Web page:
- Harang had been pitching efficiently and effectively through six innings when he allowed a leadoff single to Mets pitcher Jon Niese in the seventh. Two batters later, Lagares homered. Harang allowed eight hits, three runs (two earned), one walk, one home run and struck out two in seven innings.
- Galvis started the eighth inning with a double against Carlos Torres. He advanced to third on a fielder's choice, then Alex Torres walked Grady Sizemore and Cesar Hernandez to load the bases. The Phillies needed a ball hit out of the infield to score the tying run. Instead, Carlyle entered and induced the rally-killing double play.
- The Mets had runners at the corners with two outs in the fifth when Lucas Duda hit a routine ground ball to second baseman Cesar Hernandez, who was positioned in shallow right field. Hernandez got caught between hops and did not come up with the ball. The error allowed the Mets to take a 1-0 lead, which loomed large in a one-run outcome. Hernandez said the ball caught the lip of the outfield grass. "Unfortunate play on a routine ground ball bouncing like that," Phillies manager Ryne Sandberg said. "That's an out right there."
- Chase Utley notched a pinch-hit single to right-center field in the ninth inning. It snapped an 0-for-19 slump and pushed his batting average to .109. Utley's average had dropped to .099 following Friday's series opener. "It's good to see Chase have a real good at-bat there," Sandberg said. "A nice line-drive stroke. Maybe that's something that'll get him started."
Sunday, May 10, 2015
Phillies Fail To Deliver Gift On Harang’s Birthday
GAME RECAP: Mets Edge Phillies 3-2
Mets center fielder Juan Lagares picked the perfect time to snap a slump in Saturday night's 3-2 victory over the Phillies at Citizens Bank Park. He crushed a two-run home run in the seventh inning against Phillies right-hander Aaron Harang to give the Mets a one-run lead. It snapped an 0-for-16 skid for Lagares, who connected on his first home run of the season. "It was a little struggle the last couple games," Lagares said. "I went out there looking for a good pitch to hit, and I hit it out." The Mets' bullpen dodged a major bullet in the eighth inning when Carlos Torres and Alex Torres loaded the bases with one out. But right-hander Buddy Carlyle got Carlos Ruiz to ground into an inning-ending double play to end the threat. "We kept fighting," Phillies shortstop Freddy Galvis said. "We couldn't win today. We'll go after it tomorrow."
OTHER NOTES FROM THE DAY:
Right-hander Chad Billingsley makes his home debut in Philadelphia and hopes to see improvement from his first start in more than two years. On Monday in Atlanta, he allowed five runs in five innings. Expect to see Utley, Ryan Howard and Cody Asche back in the lineup. They sat Saturday with Niese, a left-hander, making the start for the Mets.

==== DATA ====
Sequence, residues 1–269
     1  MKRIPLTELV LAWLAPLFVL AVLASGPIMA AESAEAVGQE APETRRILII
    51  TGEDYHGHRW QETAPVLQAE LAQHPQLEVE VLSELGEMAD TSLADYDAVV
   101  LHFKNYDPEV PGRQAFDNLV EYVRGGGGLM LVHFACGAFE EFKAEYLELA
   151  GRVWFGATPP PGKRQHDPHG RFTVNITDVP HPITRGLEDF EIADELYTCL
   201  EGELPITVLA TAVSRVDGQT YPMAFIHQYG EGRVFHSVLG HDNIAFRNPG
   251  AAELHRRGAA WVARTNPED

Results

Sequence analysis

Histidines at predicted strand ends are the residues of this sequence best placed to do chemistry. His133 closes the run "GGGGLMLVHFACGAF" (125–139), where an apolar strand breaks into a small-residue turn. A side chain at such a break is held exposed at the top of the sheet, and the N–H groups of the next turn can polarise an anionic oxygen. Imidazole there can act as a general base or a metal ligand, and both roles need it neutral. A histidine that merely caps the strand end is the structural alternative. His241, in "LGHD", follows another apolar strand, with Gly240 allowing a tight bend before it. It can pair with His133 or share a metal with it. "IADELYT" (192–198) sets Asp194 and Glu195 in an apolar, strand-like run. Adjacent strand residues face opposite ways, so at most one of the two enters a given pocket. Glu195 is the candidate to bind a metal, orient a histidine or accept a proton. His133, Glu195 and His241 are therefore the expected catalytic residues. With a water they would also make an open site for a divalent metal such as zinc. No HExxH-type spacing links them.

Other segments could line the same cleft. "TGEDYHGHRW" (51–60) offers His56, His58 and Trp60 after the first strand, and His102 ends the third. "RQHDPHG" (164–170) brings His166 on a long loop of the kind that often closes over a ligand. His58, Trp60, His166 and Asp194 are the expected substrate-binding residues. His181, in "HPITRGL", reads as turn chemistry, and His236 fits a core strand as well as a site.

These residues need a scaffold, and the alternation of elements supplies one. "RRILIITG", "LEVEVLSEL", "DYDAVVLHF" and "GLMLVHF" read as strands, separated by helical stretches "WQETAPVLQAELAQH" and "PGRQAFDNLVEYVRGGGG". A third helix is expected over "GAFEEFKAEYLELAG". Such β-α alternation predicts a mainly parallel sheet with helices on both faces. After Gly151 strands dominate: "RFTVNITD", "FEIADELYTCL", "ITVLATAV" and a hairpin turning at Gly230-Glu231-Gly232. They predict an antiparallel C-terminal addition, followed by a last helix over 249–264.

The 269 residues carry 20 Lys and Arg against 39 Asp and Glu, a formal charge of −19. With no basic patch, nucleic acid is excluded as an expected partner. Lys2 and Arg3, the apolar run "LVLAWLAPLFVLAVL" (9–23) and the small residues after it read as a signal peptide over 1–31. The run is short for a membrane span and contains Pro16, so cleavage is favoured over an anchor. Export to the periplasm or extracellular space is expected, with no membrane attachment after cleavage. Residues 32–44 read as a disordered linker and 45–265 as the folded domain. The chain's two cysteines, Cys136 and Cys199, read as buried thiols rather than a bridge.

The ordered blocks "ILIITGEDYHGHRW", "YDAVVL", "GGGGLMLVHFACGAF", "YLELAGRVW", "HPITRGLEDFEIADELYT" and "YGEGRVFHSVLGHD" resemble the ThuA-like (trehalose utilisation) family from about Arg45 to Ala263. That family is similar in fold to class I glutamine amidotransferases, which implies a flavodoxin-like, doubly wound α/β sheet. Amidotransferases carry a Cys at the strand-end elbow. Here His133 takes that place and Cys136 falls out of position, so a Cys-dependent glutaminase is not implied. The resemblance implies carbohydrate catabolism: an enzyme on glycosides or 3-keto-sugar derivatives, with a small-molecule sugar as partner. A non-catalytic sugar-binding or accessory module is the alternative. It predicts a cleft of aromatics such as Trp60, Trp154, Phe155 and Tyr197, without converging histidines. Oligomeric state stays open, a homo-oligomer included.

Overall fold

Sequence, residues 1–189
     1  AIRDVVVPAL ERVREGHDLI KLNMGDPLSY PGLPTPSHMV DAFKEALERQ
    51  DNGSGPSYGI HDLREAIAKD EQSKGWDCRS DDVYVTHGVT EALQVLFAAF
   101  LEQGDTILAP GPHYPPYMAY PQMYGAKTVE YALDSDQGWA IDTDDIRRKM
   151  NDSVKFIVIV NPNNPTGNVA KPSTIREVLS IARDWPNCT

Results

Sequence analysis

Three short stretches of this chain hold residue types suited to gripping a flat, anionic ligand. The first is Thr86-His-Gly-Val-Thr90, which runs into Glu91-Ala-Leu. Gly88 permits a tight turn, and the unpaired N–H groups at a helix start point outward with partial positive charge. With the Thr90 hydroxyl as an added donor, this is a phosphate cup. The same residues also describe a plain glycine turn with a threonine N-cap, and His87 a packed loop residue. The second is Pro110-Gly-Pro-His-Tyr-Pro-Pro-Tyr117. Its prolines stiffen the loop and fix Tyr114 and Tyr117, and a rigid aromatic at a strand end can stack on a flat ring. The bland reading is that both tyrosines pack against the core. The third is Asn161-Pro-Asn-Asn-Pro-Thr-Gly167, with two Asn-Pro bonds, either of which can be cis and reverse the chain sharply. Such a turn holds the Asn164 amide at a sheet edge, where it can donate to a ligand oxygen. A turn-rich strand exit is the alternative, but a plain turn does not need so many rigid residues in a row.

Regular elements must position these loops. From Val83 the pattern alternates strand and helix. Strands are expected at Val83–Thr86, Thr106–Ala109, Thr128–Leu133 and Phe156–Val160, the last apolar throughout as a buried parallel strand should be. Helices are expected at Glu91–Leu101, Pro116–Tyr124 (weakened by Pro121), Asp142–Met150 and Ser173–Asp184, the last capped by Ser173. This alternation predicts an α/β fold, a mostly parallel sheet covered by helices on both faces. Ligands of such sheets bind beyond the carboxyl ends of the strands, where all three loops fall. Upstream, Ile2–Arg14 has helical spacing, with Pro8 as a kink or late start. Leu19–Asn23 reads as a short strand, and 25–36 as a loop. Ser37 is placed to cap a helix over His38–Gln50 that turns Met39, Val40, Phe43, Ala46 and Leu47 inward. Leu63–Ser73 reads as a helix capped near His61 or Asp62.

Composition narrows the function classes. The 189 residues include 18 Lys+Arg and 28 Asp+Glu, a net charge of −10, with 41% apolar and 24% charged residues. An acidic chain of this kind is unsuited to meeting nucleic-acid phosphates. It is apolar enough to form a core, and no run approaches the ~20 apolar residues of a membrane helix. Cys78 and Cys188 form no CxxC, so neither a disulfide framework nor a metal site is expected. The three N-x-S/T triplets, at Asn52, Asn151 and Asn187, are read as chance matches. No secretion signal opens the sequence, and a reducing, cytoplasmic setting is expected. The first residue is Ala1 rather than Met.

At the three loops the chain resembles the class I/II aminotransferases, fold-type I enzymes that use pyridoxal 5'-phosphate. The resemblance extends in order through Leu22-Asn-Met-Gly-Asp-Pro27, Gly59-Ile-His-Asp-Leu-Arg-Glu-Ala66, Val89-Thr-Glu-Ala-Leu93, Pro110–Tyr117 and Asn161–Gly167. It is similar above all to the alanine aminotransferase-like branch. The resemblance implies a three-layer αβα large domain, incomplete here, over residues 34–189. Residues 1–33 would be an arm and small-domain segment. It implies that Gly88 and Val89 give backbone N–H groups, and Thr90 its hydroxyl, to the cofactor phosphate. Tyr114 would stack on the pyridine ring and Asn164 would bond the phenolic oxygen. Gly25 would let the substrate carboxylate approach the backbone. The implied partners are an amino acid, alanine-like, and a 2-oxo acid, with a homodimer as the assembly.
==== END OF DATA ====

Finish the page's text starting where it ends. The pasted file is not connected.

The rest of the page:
Too Many Gifts – Some birthday wishes don't come true. In the Phillies' 3-2 loss to the Mets on Saturday night, right-hander Aaron Harang left two pitches over the plate in the seventh inning. One was a 72-mph curveball to pitcher Jon Niese. The other was a 90-mph cutter left higher in the zone than intended to center fielder Juan Lagares. After the game, Harang, who turned 37 Saturday, said he wished he could've had those two pitches back. Harang worked Niese into a 1-2 count after throwing two fastballs and a changeup, none of which Niese even took a hack at. For the fourth pitch of the at-bat, Harang opted for a curveball, a pitch he had only thrown three times in the game. In his mind, the mistake was the pitch selection, not location. "I probably should've thrown a slider or just a fastball with him," Harang said. "Instead I threw my fourth-best pitch. I went back and watched it and it was down, and he just got it and was able to catch it out in front and hit it with the end of the bat and get it out of the infield." With the pitch to Lagares, Harang also harped briefly on pitch type but said he believed that mistake was more an issue of location. "It was supposed to be a cutter down and away, and I just totally missed my spot," Harang said. "You could tell by the swing he was looking fastball, he was looking something hard and straight. I think a straight four-seamer doesn't run out to the barrel and probably gets him to pop it up and he just wouldn't have hit it as well." Coming off a sixth inning when the Phillies took a 2-1 lead, Harang said he thought Lagares was looking to swing the lead back the other way. "Any other hitter in their lineup is probably taking that pitch," Harang said. "But playing down one, he was hunting a fastball and trying to do anything he could to change that game." Those pitches aside, Harang (3-3, 2.38 ERA) continued the script of his season. In seven innings, he allowed only two earned runs, both on the home run, striking out two. The outing was Harang's sixth quality start of the season, a mark that ties him for the Major League lead. In Phillies manager Ryne Sandberg's mind, one or two bad pitches shouldn't tarnish a strong outing. "Harang was outstanding," Sandberg said. "One high fastball he would like to have back. Everything else was down at the knees and quality."